Monday, February 22, 2010


First, in response to some of the questions I posted.

1. For decades many critics have shown great disdain for Kipling, equating his work with the idea that British imperialism was a righteous and justified act. Is this assessment fair? Was Kipling simply writing what he knew or structuring his literature on his political beliefs?

This question is silly. Kipling is very blatant that he finds no fault with imperialism. I don't think anyone could rationally argue that he was opposed in any way to the Brits presence in his beloved India. He wrote "The White Man's Burden," after all. However, Kipling's acceptance of imperialism led to him both writing what he knew, and structuring his literature on his political beliefs. There is no "or."

2. As Kim moves from the intellectual world of school to the spiritual world he finds with the lama later in the story, he continually questions who he is. Is this questioning simply that of a young orphan or does it hint at larger political unease?

Again, I'm irritated with the question. Kim never moved into the intellectual world in any real way. He was putting in his time so he could fully integrate into the Great Game. Yes, his exposure made him more aware of his sahibness. Yes, he was groomed to act more white and therefore less religious. However, Kim was a religious person in a sahib setting much more than he was later a sahib in a religious setting. I recognize that Kim wasn't religious in the sense that he worshipped a particular God or followed a particular code of behavior. He was religious in the sense that he embraced religion in all its forms as natural. His questioning of self wasn't a defining of himself as sahib or Indian or spiritual or secular--it was his coming-of-age decision making. Was he going to stay with the lama indefinitely or jump into the Great Game full throttle?

3. What is the purpose of the prophecy Kim brings to the soldiers?

It was a literary device that allowed Kim to enter the world of the sahibs as an equal and thereby invigorate and enlarge the spying element of the novel. It also led to all future conflict as he was no longer allowed to wander around India at will. It also allowed Kipling to express disdain for Brits who felt superior to Indians.

4. Is it surprising, given Kim’s spirituality, that he joins the Secret Service? How does he reconcile his two separate lives?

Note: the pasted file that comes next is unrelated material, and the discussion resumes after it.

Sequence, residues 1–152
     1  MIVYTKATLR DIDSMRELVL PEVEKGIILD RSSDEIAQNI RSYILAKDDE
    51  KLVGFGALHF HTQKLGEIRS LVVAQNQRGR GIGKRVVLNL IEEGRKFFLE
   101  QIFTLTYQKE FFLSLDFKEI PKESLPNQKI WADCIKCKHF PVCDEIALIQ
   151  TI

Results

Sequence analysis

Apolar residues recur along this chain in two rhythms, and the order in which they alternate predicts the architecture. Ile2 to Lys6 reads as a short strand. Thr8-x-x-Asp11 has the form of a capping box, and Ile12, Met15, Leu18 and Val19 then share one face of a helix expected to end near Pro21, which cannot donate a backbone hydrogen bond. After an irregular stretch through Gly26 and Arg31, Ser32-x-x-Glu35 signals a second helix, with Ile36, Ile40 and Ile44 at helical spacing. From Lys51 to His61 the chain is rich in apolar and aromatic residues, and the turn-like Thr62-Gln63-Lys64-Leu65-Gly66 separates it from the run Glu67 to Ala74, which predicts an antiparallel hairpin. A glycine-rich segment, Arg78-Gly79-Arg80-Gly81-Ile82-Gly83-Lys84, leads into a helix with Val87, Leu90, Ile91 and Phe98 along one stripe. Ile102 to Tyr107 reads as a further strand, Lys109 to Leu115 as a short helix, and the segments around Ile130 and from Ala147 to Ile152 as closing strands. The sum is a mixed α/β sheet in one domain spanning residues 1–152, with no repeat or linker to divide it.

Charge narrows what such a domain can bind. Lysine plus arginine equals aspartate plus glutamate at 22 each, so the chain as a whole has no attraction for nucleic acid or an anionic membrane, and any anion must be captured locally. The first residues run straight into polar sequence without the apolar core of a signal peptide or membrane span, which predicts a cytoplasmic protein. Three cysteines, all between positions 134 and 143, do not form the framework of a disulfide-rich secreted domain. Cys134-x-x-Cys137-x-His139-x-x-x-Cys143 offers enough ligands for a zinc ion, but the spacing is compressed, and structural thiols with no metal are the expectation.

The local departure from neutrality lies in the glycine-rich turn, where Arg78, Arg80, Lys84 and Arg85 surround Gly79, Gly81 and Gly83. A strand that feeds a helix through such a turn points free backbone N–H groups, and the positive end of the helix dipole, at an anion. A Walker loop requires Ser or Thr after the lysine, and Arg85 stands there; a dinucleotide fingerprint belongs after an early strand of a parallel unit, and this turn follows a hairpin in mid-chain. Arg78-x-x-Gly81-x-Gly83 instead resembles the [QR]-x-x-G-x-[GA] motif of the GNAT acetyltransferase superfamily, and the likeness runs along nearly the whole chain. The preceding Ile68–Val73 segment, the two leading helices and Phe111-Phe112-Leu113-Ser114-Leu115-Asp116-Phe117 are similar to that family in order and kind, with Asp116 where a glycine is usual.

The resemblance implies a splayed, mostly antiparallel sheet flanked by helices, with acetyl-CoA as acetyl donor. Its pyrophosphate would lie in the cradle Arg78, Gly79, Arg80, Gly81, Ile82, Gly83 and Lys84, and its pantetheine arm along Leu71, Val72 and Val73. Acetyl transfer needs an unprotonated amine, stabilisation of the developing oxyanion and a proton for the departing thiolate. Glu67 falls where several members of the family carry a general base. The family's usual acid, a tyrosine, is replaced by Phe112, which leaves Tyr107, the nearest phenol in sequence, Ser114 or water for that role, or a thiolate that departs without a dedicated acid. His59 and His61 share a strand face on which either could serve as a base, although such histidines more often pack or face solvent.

I would argue that Kim was not very spiritual in a sense that would make the Secret Service an odd choice. Kim loved the lama. He was willing to do anything for the man. He never demonstrated any inclination toward affiliating with Buddhism or any other religion. The excitement and glamour of the Great Game was far more enticing than any religious devoutness, and even if the Great Game had not presented itself as a possibility, it was quite obvious that Kim was destined for a life most lively.

5. In a 1943 essay, critic Edmund Wilson referred to the ending of Kim as a “betrayal” of the relationship of the old man and the young Kim, which made the book more literary than a mere adventure story. Do you agree with this? Why or why not?

I am confused by the question. Was the ending a betrayal by Kipling of an adventure story that he wanted to dress up as a literary novel? Or, was the ending a betrayal of the relationship which launched the book out of the mud of adventure novel into the lofty heights of literary novel? Hmm. Regardless, I loved the ending because it clarified for anyone still wondering that the main point of the book was the relationship between Kim and the lama and not the somewhat superfluous spying plot thread. The lama was old. He was wise and gentle and Kim loved him. Nothing could make Kim happier than knowing his beloved lama had found his river. And nothing could make the lama happier than knowing his beloved chela had washed in the river. Kim, no doubt, would wash himself, feel no different but assure the lama otherwise and happily skip through the rest of his life grateful that his eternal destination was clear. In short--he wouldn't give it much thought. He would, however, derive a great deal of happiness from the happiness of his lama. That is the point of the ending.

6. In her article “Adolescence, Imperialism, and Identity in Kim and Pegasus in Flight,” Nicole Didicher says, “Adults writing for adolescents inevitably use imperialist discourse to influence their readers’ maturation. Kipling . . . uses an existing imperialist society to present the protagonist’s establishment of his psychosocial identity.” Do you agree that all adult writers “inevitably” use imperialist discourse to reach their adolescent audiences? Did Kipling use imperialist India because that is what he knew, or was he simply entertaining a young audience?

I'm pretty sure that's a lot of circular writing to ask if Kipling knew what he was doing in the literary sense by placing Kim in an imperialist setting. I would say no. Most writers write what they know and Kipling knew India during the Brits imperialistic heyday. That adolescents respond to injustice stories of all kinds because they feel disenfranchised and picked on isn't very relevant to this story. The story is about love and friendship. If adolescents responded well to the book it is most likely because they thought it was a story about spying and getting to run wild around an exotic country.

I know I promised Susie Q an essay today, but I'm tired and I am going to bed. Stay tuned though . . . tomorrow for sure my essay will be posted.

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